In their letter of September 12 to their counterparts in the Two-plus-Four negotiations, Foreign Minister Genscher of the Federal Republic of Germany and Prime Minister and Foreign Minister de Maiziere of the German Democratic Republic formally convey several additional assurances. Among these are their declaration that the constitution of a united Germany will protect the free democratic order and provide the continuing basis for prohibiting parties and associations with National Socialist aims. In his letter of September 18 to Secretary Baker, Foreign Minister Genscher also makes clear that the Government of a united Germany accepts responsibility for the resolution of unresolved claims against the German Democratic Republic, both of American citizens, and of Jewish victims of the Nazi regime. In this letter he commits his government to seek, shortly after unification, to provide expeditious and satisfactory resolution of claims of Jewish victims of the Nazi regime against the German Democratic Republic. In this same letter he states that the Federal Republic of Germany will, shortly after unification, resolve through negotiations with the United States Government the claims of U.S. nationals that were previously under discussion with the German Democratic Republic. The commitments contained in these two letters are further evidence that the Government of the united Germany will sustain and build on the exemplary record of the Federal Republic of Germany in promoting democratic values.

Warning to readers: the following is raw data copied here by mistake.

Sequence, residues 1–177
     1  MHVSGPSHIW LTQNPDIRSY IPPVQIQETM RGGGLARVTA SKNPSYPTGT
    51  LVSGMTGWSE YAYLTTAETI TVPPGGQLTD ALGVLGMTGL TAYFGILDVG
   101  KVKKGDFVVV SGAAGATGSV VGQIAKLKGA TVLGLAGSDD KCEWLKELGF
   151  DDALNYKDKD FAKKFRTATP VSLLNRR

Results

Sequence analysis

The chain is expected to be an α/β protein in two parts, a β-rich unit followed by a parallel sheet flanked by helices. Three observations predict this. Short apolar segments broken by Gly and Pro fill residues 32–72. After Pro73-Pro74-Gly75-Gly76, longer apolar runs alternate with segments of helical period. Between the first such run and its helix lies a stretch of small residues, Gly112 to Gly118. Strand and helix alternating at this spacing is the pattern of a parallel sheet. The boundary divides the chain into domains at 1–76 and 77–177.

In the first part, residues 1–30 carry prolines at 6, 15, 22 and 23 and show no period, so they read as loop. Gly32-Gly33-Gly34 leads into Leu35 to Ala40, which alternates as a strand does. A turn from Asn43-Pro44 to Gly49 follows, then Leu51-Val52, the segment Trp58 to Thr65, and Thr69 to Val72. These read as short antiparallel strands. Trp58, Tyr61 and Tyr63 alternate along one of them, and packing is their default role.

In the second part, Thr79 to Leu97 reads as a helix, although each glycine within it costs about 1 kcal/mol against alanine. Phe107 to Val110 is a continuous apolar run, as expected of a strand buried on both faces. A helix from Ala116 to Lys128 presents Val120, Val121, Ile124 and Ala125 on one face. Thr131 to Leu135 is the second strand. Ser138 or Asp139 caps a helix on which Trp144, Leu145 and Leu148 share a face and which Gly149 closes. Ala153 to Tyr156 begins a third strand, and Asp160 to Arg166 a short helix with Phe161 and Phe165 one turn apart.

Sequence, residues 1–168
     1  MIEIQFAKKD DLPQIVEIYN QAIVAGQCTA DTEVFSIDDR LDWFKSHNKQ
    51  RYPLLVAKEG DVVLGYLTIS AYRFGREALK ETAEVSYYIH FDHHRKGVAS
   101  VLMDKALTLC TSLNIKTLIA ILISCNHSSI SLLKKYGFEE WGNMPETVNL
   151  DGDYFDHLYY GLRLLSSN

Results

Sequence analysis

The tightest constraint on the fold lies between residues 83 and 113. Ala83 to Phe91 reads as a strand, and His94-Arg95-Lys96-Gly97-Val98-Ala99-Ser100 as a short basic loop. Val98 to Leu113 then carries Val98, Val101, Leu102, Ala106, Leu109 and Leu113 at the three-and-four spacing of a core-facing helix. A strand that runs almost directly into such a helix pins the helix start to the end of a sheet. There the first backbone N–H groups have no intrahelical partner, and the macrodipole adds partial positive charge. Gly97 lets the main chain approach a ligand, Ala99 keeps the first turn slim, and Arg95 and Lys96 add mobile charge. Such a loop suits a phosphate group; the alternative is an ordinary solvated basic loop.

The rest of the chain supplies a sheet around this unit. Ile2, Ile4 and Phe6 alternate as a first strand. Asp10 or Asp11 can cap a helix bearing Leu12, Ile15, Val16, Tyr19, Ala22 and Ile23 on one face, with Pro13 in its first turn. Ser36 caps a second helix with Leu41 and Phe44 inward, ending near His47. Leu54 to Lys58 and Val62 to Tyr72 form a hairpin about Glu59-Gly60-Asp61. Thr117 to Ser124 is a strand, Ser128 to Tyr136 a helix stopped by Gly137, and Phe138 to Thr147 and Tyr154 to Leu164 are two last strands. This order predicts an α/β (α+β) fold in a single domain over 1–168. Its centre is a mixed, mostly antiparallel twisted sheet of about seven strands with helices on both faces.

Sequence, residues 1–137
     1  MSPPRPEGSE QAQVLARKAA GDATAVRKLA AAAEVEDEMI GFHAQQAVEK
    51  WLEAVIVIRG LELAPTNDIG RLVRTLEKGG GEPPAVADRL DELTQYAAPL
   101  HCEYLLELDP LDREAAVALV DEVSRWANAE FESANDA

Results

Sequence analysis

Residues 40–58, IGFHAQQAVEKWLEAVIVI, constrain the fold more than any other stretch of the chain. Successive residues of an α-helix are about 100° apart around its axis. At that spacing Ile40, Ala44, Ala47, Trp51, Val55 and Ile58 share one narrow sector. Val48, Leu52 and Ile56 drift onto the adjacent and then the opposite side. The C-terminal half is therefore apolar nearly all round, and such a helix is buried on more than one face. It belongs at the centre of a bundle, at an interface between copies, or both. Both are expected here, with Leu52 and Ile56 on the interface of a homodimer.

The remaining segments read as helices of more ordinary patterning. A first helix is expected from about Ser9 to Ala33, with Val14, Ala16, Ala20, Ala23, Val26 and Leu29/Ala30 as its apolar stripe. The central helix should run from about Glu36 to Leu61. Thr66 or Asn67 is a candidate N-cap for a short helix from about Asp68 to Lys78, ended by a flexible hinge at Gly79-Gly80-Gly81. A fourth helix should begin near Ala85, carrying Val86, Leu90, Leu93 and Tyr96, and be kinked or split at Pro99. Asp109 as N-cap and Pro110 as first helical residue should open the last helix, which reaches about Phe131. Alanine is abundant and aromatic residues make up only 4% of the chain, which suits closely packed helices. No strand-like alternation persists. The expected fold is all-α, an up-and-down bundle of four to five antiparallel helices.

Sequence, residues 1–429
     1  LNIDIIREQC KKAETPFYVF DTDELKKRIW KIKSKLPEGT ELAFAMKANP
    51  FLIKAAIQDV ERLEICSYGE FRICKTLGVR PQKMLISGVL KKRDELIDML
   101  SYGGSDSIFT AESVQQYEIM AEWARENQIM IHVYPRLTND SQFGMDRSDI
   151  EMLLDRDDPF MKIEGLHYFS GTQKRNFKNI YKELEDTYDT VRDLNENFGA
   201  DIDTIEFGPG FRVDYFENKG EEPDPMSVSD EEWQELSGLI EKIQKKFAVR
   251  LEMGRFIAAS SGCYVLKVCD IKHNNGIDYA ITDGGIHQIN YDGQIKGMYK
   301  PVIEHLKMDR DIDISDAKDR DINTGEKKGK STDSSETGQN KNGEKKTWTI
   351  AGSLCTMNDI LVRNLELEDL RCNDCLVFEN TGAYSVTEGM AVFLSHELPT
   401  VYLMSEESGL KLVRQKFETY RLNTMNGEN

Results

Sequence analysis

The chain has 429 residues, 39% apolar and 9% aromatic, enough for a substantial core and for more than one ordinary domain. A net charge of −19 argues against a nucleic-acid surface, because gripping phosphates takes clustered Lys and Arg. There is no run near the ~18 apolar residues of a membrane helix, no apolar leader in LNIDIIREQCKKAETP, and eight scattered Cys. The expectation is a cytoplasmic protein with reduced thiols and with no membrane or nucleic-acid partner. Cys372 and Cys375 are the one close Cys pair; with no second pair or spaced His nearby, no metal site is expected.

The Treaty represents a major achievement for our German allies, who have not forgotten the past or the role Germany once played in the horrors of 1933 - 45, but who have demonstrated over 4 decades of steadfast support for democracy and the Western alliance what the world can expect from the united Germany.

The Treaty is also a tribute to the courage and the determination of the people of Germany to achieve unity in peace, freedom, and concord with their neighbors.

The emergence of a free, united, and democratic Germany, linked to the United States and to its European neighbors by indissoluble ties of friendship, common values, and mutual interests, and ready to act as a full partner within a broader community of democratic nations, has been an enduring goal of American foreign policy for over 40 years. Seldom has any President had the privilege of submitting for the Senate's advice and consent an agreement which so fully realizes our national purposes. This agreement is the result of decades of steadfast effort and resolve on the part of past Presidents and Congresses, and our Allies. It is an achievement of which we can all be proud.

It is wholly fitting that Germany formally and irrevocably achieve its unified status at the earliest possible moment, unfettered by Four-Power rights, shared by the Soviet Union, which are now outmoded and unnecessary. I therefore ask the Senate to act expeditiously in giving its advice and consent to ratification of the Treaty and the Related Agreed Minute.

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Updated: August 2001